Members of Parliament can now breathe a sigh of relief after the High Court temporarily suspended Chief Justice David Maraga’s advisory to President Uhuru Kenyatta to dissolve parliament.
Justice Weldon Korir stopped the implementation on Thursday after two petitioners on Wednesday, moved to the High Court challenging Maraga’s advisory to dissolve Parliament for failing to meet the thirds gender rule.
While making his ruling, Justice Korir termed the petitioner’s notice of motion as merited, saying that will provide the two parties with a fair hearing pending the determination of the case.
“In the circumstances of this case, I, therefore, find the petitioner’s notice of motion dated September 23 merited. I allow it in terms of prayer so that a conservatory order issued for the preservation of the status quo of the Advice of the Chief Justice dated September 21 to the president pending inter parties hearing and determination of the petition,” Korir ruled on Thursday.
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Korir further stated that a reading of the constitution shows that the decision of the Chief Justice is expected to trigger action by the president without any further steps being taken, adding that once the president acts on the advisory the petition would be rendered nugatory.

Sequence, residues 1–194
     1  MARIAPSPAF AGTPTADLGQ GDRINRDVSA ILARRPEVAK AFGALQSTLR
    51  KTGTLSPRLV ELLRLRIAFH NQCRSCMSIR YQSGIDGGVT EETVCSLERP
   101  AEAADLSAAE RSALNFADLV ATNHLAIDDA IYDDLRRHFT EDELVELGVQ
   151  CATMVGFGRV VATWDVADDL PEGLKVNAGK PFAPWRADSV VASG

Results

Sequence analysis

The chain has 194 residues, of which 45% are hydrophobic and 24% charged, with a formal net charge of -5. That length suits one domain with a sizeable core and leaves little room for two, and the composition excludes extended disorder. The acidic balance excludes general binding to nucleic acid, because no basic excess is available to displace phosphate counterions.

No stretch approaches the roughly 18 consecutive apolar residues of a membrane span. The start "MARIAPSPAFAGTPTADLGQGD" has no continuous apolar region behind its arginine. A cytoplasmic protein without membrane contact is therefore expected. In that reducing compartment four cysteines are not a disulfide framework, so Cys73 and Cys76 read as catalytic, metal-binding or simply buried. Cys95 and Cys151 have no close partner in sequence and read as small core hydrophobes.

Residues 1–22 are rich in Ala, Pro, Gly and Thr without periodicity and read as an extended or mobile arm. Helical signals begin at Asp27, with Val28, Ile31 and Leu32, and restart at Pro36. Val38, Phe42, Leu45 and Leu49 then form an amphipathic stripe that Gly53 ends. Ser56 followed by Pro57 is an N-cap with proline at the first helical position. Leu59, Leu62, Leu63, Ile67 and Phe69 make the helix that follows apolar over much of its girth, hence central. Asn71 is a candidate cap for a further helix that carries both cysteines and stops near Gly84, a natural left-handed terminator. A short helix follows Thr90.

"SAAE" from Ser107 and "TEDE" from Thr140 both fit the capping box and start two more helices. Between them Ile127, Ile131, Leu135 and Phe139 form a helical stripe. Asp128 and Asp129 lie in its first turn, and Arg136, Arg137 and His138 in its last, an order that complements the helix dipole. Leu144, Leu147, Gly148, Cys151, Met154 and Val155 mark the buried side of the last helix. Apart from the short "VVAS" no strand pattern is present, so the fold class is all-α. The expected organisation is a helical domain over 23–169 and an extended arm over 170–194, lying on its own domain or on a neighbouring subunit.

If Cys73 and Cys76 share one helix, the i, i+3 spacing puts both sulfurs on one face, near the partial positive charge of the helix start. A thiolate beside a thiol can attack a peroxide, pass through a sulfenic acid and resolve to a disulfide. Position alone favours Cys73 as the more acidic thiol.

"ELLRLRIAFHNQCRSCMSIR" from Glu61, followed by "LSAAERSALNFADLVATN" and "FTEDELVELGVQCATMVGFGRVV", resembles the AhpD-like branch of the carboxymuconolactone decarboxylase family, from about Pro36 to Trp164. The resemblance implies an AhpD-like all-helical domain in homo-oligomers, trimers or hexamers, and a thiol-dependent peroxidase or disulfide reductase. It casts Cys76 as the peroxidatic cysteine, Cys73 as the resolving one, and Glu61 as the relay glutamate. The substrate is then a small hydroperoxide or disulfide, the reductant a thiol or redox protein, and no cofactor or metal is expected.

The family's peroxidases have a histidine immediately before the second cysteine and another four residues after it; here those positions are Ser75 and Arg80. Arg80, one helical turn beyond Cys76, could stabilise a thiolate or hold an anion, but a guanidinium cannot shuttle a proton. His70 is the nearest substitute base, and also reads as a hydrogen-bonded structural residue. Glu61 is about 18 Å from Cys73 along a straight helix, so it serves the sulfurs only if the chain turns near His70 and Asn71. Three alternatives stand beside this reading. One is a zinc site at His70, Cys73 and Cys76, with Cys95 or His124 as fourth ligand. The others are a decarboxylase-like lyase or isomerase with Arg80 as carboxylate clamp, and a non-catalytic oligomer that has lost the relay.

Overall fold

“It is therefore clear that failure to issue orders will highly prejudice the applicants,” reads court papers.
The two Petitioners; Leina Konchella and Abdul Munasar, through lawyer Muturi Mwangi had written to the court protesting that the advice to President Uhuru Kenyatta was not judicial, hence wanted the High Court to nullify the advisory.
They further protested that the Chief Justice gave the advisory on his own without first holding proceedings.
The two further stated that Maraga’s action is beyond his authority to the extent that it purports to be grounded on Parliament’s failure to enact two-thirds gender law.
“No such timelines are specified under Article 261 of the Constitution. The argument here is that Article 100 which has timelines does not demand the two-thirds gender quota.” read their protest letter in part.